Asking about your prognosis

Doctor showing man an x-ray

Your prognosis includes information about whether your cancer can be cured and if your cancer is likely to progress. Some people want to know about average survival times or life expectancy.

It’s not always easy for doctors to answer a question about life expectancy. Everyone is different, so what happens to you might be quite different from what the doctor expects.

Should I ask about my prognosis?

Every person is different, some want information about their prognosis, others may not want this information or may ask for information about their prognosis at a later stage. 

If your prognosis is better than expected, you may feel more hopeful about your illness and your future. You may feel more in control by having as much information as possible. Or you may not want to know about your prognosis. You may prefer not to think about the future too much or you may worry how you will cope if you get bad news.

Understanding more about your cancer can help you, and your loved ones, make decisions. Some of these decisions may include:

  • Making decisions about which treatment is best for you
  • What to tell your loved ones about your illness
  • Deciding about your work life and dealing with financial and legal matters
  • Making decisions about your future care and advance healthcare planning

If you want information on your prognosis:

  • Think carefully about how you will cope with the information before asking for your prognosis.
  • Get information on your prognosis from your cancer doctor. They know your individual circumstances. Your doctor can also support you in understanding the information and answer any questions you have.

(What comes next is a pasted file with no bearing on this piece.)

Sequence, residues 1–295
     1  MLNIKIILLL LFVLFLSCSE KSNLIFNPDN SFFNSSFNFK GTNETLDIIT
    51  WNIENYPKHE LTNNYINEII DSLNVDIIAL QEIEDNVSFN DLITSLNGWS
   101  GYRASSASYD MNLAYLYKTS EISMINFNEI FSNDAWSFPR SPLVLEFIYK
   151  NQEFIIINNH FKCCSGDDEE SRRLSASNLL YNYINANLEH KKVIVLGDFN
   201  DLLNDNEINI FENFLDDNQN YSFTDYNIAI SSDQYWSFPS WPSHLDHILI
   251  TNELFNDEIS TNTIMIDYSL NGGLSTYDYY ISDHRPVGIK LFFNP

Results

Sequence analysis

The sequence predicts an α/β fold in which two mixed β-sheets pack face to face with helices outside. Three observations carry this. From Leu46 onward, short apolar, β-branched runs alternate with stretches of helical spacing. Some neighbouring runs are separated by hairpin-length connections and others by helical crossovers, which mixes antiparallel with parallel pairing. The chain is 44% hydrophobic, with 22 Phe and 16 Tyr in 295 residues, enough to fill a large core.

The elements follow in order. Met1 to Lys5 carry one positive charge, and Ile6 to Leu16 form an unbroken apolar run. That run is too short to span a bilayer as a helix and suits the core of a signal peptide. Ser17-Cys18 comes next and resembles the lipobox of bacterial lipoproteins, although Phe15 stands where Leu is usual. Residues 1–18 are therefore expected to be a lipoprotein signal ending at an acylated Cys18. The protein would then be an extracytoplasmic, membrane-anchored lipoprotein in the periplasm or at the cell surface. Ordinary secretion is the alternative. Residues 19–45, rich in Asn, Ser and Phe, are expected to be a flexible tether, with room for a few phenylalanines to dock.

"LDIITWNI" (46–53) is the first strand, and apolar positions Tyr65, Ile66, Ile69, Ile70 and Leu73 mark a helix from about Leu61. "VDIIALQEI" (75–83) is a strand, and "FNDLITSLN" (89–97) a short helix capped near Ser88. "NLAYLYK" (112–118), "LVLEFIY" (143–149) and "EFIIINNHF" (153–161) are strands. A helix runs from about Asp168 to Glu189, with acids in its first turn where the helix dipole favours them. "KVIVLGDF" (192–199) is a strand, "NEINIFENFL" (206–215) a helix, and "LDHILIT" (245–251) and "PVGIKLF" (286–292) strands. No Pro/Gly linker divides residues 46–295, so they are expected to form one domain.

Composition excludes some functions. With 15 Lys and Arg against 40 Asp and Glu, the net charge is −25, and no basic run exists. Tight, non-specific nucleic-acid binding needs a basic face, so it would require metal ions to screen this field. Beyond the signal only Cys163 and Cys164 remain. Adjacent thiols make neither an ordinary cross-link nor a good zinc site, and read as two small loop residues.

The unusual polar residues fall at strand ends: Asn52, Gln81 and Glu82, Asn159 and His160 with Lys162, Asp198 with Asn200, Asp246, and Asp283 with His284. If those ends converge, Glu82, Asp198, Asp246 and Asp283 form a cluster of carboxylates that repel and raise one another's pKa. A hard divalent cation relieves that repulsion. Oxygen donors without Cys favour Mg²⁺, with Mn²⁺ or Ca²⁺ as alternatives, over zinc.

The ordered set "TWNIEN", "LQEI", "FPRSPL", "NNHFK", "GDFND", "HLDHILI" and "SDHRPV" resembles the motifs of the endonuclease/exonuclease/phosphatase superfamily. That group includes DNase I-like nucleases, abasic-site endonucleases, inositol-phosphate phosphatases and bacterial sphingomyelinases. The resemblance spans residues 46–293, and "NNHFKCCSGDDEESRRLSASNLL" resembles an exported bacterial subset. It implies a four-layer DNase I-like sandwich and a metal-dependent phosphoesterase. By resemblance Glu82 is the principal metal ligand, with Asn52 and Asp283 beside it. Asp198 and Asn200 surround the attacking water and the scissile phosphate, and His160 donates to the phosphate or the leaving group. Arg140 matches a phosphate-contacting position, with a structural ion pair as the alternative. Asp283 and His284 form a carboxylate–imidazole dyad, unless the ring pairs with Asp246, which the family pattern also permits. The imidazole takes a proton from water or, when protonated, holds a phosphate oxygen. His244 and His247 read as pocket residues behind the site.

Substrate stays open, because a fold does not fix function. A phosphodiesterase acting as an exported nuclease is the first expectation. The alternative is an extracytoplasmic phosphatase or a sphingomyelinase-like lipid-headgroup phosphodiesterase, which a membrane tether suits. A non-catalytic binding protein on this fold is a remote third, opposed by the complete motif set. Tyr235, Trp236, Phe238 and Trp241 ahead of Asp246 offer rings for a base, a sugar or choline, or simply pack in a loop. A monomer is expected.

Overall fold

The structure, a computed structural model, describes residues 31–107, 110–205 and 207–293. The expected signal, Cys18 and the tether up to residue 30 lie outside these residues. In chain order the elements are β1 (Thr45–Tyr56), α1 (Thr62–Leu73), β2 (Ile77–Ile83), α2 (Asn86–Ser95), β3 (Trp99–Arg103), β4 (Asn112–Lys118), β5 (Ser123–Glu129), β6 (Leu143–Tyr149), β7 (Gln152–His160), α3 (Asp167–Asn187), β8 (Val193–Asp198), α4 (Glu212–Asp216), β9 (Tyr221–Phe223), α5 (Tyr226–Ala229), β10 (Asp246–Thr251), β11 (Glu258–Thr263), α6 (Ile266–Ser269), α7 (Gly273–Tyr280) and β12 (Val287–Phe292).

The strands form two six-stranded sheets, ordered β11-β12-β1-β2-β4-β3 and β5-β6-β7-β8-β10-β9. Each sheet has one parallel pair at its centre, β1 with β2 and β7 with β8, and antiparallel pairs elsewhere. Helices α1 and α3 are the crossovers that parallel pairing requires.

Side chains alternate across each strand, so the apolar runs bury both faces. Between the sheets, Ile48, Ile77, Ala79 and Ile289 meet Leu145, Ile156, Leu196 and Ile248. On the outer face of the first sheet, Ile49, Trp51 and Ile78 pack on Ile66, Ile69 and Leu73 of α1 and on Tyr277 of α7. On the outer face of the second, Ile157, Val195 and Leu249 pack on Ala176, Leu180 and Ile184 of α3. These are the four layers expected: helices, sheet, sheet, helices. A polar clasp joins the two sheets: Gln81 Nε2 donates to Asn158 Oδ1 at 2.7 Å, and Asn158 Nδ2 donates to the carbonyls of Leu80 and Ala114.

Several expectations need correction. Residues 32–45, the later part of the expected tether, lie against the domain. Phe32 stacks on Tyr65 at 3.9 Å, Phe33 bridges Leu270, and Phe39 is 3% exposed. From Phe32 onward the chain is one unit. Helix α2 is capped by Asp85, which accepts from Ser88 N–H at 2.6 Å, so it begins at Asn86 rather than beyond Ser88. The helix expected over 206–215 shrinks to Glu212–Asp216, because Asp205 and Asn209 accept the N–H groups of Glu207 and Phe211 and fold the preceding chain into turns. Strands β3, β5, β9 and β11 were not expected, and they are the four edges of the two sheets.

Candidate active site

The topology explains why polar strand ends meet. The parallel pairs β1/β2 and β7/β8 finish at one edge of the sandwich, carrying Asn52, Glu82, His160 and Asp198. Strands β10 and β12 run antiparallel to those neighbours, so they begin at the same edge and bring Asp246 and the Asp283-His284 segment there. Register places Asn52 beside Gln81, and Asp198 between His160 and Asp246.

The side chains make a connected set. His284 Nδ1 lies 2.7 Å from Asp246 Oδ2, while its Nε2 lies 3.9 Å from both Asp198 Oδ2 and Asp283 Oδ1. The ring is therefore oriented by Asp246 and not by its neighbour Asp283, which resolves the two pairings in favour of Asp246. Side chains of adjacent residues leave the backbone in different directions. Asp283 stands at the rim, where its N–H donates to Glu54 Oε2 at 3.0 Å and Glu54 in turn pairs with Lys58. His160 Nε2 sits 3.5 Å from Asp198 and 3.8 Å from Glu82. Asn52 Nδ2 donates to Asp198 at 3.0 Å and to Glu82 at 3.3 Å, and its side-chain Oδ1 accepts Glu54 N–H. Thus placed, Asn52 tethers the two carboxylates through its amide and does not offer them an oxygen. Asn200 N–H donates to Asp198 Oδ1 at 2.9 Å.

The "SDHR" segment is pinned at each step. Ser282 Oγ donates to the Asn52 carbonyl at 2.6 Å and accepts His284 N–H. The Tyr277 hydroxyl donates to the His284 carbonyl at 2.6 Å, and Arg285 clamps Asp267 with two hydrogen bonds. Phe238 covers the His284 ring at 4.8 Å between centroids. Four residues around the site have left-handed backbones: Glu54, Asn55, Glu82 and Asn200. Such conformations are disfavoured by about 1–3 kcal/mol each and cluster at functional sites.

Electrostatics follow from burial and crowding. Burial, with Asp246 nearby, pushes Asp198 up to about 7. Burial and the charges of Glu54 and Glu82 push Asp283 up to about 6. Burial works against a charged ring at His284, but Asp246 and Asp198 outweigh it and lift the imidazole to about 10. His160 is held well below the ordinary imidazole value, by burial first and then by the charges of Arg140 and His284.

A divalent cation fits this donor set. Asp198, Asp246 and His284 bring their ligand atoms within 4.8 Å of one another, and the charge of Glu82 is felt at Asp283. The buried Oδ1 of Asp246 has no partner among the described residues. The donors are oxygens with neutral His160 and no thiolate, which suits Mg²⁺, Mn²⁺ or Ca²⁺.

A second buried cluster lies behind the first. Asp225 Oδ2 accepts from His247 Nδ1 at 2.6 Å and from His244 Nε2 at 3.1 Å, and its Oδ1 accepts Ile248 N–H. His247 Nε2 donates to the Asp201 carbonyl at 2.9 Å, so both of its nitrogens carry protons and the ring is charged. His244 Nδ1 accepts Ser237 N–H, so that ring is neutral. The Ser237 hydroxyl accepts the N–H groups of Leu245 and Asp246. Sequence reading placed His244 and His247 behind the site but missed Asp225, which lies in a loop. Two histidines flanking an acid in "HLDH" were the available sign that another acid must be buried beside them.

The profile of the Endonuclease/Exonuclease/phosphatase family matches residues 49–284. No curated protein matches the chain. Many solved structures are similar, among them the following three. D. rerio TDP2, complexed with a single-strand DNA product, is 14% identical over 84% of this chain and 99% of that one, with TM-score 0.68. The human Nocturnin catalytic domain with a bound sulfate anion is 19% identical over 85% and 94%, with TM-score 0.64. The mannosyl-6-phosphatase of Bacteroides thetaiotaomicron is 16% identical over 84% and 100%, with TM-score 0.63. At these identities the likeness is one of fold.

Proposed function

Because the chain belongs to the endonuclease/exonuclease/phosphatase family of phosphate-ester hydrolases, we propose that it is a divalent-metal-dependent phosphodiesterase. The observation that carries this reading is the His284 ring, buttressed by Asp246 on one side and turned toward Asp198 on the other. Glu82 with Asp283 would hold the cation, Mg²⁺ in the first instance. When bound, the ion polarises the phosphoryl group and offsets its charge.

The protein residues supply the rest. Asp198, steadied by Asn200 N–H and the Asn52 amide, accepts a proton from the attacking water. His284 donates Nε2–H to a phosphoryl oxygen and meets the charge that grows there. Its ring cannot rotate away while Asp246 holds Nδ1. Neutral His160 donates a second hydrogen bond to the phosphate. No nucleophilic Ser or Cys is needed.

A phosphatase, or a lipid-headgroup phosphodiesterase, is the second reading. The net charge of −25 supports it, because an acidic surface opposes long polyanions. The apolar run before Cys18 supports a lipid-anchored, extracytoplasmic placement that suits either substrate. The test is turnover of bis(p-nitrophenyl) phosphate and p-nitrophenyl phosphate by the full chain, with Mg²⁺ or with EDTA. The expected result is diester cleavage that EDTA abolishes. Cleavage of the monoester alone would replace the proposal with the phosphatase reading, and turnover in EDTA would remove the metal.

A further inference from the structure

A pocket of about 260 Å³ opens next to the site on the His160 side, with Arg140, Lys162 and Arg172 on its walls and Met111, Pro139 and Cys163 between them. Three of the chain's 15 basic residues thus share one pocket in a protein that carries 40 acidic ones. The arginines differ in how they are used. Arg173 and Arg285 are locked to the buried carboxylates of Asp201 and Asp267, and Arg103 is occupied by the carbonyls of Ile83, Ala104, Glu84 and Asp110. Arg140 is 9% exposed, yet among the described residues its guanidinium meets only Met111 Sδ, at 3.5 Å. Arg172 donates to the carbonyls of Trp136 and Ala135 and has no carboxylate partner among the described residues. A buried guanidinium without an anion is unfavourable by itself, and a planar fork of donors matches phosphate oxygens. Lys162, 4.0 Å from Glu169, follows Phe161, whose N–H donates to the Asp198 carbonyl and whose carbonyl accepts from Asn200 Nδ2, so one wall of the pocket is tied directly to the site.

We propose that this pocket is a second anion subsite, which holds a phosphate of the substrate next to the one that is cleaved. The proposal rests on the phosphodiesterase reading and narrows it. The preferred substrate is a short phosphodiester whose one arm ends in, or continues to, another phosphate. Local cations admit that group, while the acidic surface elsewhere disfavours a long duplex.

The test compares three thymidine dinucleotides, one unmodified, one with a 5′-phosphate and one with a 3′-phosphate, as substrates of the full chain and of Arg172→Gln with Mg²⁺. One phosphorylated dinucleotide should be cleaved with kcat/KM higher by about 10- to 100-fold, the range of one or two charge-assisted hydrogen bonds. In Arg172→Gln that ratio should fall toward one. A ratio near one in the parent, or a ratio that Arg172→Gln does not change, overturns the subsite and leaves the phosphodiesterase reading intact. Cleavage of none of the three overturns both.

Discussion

• Ask a friend or family member to go with you, if you would like some support.
  • Be careful with online information. It may be hard to understand or it may be incorrect.  Also, the information may not really apply to your situation or to your particular cancer type. Ask your doctor or nurse specialist for recommended websites. 
  • Accept that you will need some time to think about what you have been told. You may forget some things or there may be things you didn’t understand. You may need to talk to your doctor again after you have thought about everything.

Emotional support

If you feel upset or anxious about your prognosis you can get support from friends, family or your hospital team. You can also call our Support Line on Freephone 1800 200 700, visit a Daffodil Centre or email

Our cancer nurses can also tell you about counselling and other services that might help you and your loved ones.

Understanding the emotional effects cover
The emotional effects of cancer - A guide for cancer patients booklet
This booklet covers how cancer might affect your emotions, what you can do to feel better, and where to get professional support.

For more information

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1800 200 700

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